Reggie Jackson

April 1, 2007
 The Mustache Ride, Chapter 1

I’ve written about Reggie Jackson before in my ongoing effort to view the aimless stumble of my life through the prism of the baseball cards I collected from 1975–1980. But if anybody from that time is going to demand more than one look, it’s the hirsute extrovert pictured here. Though I have known for a while that the core player of this wandering narrative, for personal reasons, is Carl Yastrzemski (so far seen only in glimpses), I understand that Reggie Jackson was, objectively speaking (or Reggie speaking), the loud and proud center of the inimitable toxic Technicolor disco inferno that was baseball in the miasma of the Ford and Carter years.

He may even have been the best player. I had it in my mind that Joe Morgan and Fred Lynn outperformed Reggie during that span, but on closer look both of those players, though as fielders far more useful to their teams than Reggie, actually had a couple of subpar, injury-hampered years at the bat while Reggie pretty much kept mashing year in and year out. Probably only Jim Rice was as consistently fearsome a hitter as Reggie during my childhood years, but even I have to admit that my beloved Jim Ed had the benefit of playing in the best hitters park in the league. And on top of all that Reggie was Mr. October, the successor to Bob Gibson as baseball’s king of the big stage.
But when I imply that all Cardboard God roads lead to Reggie I’m not just talking about performance. Though baseball has never been a hermetically sealed world unto itself, it seems to have embodied the times during the 1970s with an abandon never seen before or since, seething and sparkling and belching and flailing with all the careening spasms of the Me Decade. And nobody epitomized this more than Reggie, the candy bar that told you how good it was when you unwrapped it, the walking 60-point tabloid headline, the one-man neverending tickertape parade.
The man just couldn’t not be The Show. Take this card. The empty stands and the presence of a teammate casually loitering nearby identifies this photograph as one not taken during a game. My guess is that the Topps photographer came to the park that day planning to capture Reggie with another of the strangely lifeless “still life with bat” shots that riddle the card collections of that era (for a typical example of this from the same year, see Mario Guerrero’s 1975 card). But Reggie Jackson simply could not be contained. Every part of him, from his bright yellow superhero-muscled forearm to his Steve Austin aviator shades to his wide open ever-motoring mouth, radiates crackling, kinetic life. All he’s doing is lazily swinging a bat, and it’s riveting. Even I have to admit this, and (as perhaps suggested in a previous Cardboard God profile that heaped potentially libelous anti-capitalist invective on Reggie) I spent the last tender years of childhood coiled with hatred for the self-professed straw that stirred my least favorite drink, the Yankees.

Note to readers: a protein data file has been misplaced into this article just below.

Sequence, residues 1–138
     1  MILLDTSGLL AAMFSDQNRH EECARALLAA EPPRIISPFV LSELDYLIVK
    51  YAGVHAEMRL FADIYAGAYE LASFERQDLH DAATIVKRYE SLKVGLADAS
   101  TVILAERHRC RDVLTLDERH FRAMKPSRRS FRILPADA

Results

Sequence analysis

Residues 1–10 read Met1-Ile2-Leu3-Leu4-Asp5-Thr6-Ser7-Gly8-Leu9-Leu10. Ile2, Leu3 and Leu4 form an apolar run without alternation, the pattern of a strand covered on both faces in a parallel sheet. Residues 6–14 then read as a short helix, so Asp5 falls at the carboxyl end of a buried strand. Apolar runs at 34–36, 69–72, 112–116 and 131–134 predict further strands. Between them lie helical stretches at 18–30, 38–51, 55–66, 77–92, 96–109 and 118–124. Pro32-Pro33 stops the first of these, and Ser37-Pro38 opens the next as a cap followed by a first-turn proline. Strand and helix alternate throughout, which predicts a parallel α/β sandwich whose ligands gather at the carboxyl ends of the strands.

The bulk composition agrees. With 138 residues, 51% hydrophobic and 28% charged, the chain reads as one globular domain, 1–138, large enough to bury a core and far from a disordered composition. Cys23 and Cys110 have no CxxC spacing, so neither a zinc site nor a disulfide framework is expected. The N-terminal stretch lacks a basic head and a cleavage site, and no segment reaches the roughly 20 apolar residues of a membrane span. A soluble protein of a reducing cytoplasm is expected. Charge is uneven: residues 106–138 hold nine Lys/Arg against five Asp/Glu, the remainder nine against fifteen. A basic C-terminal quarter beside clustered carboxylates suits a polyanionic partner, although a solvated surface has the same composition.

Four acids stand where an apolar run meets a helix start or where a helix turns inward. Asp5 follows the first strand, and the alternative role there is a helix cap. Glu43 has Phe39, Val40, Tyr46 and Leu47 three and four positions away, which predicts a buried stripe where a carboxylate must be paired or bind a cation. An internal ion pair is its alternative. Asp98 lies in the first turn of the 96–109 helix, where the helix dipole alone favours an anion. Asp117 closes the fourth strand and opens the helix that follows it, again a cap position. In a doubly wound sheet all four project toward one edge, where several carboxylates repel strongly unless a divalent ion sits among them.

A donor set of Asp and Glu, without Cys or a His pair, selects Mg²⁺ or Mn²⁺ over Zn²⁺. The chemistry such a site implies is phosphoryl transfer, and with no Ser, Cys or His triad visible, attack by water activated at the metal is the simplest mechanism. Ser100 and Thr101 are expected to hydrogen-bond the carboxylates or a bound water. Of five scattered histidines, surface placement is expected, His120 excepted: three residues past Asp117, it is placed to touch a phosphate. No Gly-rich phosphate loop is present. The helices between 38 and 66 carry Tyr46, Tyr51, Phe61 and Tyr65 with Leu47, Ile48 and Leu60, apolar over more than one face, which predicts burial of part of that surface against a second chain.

While I can’t say that I have a connection to Reggie as deep as the one described by fellow late-’70s child Alex Belth in his moving essay in Bombers Broadside 2007, I do owe him a debt for his big-ass way of being, which made the world a wider, more exciting place to be. It’s no accident that the only thing I remember from the first baseball game I ever went to, in 1975, besides my first glimpse of the grass at Fenway, is that Reggie Jackson was in the house. He had the ability to make anything he was involved in The Main Event.